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Real-world & natural history data consistent with placebo data in DMD clinical trials
by Mel J. Yeates  |  Email the author


CAMBRIDGE, Mass.—The Collaborative Trajectory Analysis Project (cTAP), a global research coalition for Duchenne muscular dystrophy (DMD), has reported results from the largest ever multi-national, multi-collaboration study in DMD. The study was published in Neurology.
The results indicate that both real world data (RWD) and natural history data (NHD) are highly comparable to data from patients treated with placebo in multiple recent clinical trials. Results also demonstrate that use of RWD or NHD could supplement — or possibly even replace — use of a placebo arm in future DMD clinical research. This could potentially help to streamline development efforts for new treatments.
“This study found a striking level of consistency in the six-minute walk distance assessment in DMD patients from six clinical trial placebo arms and patients from five different real world and natural history studies,” said Craig McDonald, professor and chair of the Department of Physical Medicine and Rehabilitation at the University of California, Davis, and a co-author of the study. “This rigorous study establishes a strong foundation for using natural history data as a substitute for placebo control in clinical trials and as a comparator to determine the effectiveness of prescribed drug treatments versus standard of care treatment.”
In the study researchers analyzed disease progression in 383 patients with DMD who had been randomized to placebo arms in six clinical trials. This was compared with data observed in a real world setting for 430 patients from five clinical registries in the U.S. and Europe. Patient outcomes were assessed based on similar inclusion/exclusion criteria, and adjusted for known prognostic factors.
This is the first study to demonstrate the comparability of disease progression in NHD/RWD and placebo arms of clinical trials in DMD.
To date, the potential for bias in clinical trials versus clinical practice has limited the use of NHD/RWD to supplement or replace placebo controls. This study demonstrates that the potential for bias is low, and as such provides a foundation for drug developers to consider application of NHD/RWD in future trials.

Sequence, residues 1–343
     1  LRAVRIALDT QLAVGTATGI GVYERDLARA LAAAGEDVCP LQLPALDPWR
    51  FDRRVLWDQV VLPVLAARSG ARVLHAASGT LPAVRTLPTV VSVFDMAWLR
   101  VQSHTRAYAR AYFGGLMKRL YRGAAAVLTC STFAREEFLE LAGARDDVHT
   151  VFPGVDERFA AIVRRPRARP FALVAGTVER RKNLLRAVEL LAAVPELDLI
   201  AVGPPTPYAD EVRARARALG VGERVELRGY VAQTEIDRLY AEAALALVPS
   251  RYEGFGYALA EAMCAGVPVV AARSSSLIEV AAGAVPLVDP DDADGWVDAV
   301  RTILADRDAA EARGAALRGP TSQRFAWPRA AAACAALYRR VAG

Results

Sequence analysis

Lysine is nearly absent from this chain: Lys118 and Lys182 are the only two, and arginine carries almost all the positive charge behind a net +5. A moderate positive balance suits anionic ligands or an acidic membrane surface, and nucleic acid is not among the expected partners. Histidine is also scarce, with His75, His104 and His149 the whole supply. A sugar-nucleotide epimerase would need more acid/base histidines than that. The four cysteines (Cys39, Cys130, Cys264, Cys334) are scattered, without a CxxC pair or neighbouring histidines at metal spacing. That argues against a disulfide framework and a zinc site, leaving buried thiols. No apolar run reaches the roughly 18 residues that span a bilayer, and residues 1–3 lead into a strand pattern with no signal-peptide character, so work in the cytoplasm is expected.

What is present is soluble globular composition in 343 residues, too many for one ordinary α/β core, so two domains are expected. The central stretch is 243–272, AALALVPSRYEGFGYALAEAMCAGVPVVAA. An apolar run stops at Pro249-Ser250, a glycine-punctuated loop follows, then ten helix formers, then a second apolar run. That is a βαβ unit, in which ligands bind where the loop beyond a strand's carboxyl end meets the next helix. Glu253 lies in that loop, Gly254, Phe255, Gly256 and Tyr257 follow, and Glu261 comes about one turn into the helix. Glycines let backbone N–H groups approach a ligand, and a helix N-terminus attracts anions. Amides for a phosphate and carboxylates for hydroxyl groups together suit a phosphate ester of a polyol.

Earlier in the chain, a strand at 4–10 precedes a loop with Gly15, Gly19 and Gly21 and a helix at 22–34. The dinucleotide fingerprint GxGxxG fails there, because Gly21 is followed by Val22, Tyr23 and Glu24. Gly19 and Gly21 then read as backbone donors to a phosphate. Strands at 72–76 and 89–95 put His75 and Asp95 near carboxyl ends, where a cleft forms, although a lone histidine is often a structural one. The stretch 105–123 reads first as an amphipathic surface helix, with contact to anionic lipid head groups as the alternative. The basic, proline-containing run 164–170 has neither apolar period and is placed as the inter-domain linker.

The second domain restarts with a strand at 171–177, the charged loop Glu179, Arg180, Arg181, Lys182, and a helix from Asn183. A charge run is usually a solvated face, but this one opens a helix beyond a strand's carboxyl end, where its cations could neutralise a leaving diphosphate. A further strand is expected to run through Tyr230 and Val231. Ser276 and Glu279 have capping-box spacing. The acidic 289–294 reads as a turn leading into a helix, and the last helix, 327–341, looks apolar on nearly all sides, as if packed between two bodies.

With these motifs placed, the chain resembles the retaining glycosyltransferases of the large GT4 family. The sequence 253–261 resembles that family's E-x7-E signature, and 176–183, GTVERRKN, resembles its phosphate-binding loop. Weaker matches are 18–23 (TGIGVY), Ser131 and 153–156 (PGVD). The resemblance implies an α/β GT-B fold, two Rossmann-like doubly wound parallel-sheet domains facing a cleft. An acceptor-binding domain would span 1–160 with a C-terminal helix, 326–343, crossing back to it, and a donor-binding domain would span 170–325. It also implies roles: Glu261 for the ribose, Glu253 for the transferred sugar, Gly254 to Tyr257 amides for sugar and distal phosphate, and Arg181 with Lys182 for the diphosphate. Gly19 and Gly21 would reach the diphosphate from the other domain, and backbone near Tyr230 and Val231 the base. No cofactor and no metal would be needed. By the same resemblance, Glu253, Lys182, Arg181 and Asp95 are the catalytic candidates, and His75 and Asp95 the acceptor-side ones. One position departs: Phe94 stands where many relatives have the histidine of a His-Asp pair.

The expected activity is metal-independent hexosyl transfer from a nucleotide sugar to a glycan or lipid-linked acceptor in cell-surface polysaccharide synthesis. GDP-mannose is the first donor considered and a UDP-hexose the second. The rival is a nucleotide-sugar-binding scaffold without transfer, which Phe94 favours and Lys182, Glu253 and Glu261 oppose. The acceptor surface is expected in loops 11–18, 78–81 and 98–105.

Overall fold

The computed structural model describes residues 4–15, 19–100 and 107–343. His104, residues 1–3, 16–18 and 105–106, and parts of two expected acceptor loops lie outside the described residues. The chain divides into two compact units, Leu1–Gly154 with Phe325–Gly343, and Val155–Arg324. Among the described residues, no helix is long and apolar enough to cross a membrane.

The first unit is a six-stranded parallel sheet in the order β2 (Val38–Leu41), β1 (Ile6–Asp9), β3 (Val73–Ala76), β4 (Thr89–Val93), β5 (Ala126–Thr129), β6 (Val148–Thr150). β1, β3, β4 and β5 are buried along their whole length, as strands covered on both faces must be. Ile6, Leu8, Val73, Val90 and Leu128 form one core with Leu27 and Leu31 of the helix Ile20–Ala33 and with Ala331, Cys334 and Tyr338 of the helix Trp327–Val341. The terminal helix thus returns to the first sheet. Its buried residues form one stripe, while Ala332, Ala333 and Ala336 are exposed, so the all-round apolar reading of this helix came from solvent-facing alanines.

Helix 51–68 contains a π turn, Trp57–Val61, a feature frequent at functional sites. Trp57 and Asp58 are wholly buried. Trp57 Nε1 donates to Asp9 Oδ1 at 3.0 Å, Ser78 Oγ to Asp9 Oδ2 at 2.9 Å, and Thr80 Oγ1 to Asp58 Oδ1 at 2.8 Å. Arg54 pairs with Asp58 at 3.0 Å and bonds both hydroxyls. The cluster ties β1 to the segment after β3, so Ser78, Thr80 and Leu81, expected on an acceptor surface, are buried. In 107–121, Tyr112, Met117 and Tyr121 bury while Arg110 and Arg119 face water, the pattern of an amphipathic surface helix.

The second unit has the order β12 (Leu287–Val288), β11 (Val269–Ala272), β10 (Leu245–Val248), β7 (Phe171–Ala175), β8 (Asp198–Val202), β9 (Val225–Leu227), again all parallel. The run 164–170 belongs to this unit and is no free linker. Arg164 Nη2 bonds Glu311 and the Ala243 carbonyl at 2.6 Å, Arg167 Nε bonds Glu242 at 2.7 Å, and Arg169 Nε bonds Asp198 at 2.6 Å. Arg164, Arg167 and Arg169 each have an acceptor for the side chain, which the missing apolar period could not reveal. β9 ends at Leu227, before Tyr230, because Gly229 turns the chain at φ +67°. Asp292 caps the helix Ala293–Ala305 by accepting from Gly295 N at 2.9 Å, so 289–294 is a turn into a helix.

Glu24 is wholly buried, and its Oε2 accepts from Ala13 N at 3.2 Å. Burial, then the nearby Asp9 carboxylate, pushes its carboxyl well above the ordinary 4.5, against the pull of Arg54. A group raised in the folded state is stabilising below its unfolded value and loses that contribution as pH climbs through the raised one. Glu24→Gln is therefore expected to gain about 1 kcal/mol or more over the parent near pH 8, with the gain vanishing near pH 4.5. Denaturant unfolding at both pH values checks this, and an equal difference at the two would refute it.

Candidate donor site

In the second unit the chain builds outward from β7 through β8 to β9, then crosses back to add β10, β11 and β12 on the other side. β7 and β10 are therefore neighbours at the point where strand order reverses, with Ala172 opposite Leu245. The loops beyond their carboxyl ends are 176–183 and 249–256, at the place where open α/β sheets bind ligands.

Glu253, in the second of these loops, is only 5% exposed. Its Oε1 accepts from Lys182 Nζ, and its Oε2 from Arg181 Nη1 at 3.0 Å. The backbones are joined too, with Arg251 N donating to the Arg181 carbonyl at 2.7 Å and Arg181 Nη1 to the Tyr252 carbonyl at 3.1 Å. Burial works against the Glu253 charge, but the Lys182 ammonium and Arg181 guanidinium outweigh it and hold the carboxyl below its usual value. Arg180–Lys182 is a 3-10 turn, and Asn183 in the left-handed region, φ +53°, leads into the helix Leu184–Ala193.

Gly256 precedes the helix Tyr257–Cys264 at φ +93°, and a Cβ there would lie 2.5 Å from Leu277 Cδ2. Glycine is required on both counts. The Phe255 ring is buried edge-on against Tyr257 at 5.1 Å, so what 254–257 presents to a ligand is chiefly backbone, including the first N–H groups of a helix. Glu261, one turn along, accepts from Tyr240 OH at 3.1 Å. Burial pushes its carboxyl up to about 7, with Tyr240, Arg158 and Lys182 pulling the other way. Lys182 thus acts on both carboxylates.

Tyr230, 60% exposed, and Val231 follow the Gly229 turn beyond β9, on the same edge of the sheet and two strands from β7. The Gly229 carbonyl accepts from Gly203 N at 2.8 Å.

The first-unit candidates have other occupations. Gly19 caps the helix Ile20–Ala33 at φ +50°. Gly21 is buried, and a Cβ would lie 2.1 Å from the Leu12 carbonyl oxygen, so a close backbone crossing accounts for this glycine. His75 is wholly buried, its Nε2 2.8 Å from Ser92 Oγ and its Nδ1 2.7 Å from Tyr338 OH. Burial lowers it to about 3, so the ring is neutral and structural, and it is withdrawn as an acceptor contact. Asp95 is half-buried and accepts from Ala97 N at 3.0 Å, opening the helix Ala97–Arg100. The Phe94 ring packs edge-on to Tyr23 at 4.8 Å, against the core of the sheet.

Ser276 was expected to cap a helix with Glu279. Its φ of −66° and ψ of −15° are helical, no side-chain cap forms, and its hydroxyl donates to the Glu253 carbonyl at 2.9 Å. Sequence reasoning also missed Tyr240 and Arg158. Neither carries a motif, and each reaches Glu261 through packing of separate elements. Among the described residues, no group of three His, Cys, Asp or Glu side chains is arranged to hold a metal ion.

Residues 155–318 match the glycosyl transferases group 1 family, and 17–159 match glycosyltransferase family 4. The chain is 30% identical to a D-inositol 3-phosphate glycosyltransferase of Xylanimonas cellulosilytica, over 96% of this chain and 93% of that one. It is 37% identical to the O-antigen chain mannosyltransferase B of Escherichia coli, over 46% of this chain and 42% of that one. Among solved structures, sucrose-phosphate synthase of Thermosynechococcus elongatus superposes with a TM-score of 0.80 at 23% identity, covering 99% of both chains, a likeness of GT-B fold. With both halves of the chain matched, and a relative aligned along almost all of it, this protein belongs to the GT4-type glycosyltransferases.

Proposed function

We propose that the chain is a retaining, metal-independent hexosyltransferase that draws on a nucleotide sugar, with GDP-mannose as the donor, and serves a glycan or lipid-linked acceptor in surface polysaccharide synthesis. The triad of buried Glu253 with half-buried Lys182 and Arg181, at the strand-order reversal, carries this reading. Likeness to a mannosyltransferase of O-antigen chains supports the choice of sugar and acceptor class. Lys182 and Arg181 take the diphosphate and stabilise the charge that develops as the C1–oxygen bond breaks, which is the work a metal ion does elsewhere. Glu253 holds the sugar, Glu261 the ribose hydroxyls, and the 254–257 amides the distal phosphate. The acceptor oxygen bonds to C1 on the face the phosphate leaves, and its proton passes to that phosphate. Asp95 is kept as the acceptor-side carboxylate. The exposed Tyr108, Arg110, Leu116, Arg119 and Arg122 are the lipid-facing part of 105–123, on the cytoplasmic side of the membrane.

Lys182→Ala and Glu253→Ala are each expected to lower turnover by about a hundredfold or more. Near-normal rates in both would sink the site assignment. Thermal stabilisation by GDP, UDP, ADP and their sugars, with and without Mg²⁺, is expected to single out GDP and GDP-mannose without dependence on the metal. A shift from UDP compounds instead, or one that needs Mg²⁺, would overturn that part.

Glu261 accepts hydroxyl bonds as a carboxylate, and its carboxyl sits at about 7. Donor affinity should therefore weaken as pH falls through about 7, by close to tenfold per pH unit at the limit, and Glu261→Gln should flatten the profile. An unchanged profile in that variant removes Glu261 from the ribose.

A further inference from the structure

“In particular, a fundamental motivation for this research was the concern that external controls might not be suitable for DMD because performance-based outcomes such as 6MWD [6-minute walk distance] could be biased by differences between clinical trial and RWD/NHD settings. We analyzed >1,000 patient-years of follow-up, encompassing data from all available clinical trial placebo arms and from 5 multinational, multi-institutional RWD/NHD sources. We found that changes in 6MWD over 48 weeks were strikingly consistent between these settings when subjected to equivalent inclusion/exclusion criteria and after adjustment for multiple known prognostic factors,” the article notes. “The 6MWD outcomes were also consistent among the different RWD/NHD sources analyzed. From these findings, we conclude that external controls can be suitable for drug evaluations in DMD.”
“The results of this landmark research effort have profound implications for clinical research in DMD and potentially many other rare diseases. We applaud cTAP for supporting this research effort and look forward to sharing these insights with all of the stakeholders in DMD research including regulators, industry, clinicians and patient advocates,” added Francesco Muntoni, professor and chair of Pediatric Neurology at University College London. “This effort, which addresses a key priority for patient foundations, shows clearly that by working together we can identify better solutions to advance clinical research that can facilitate the development of new treatments for DMD.”
Code: E09082001



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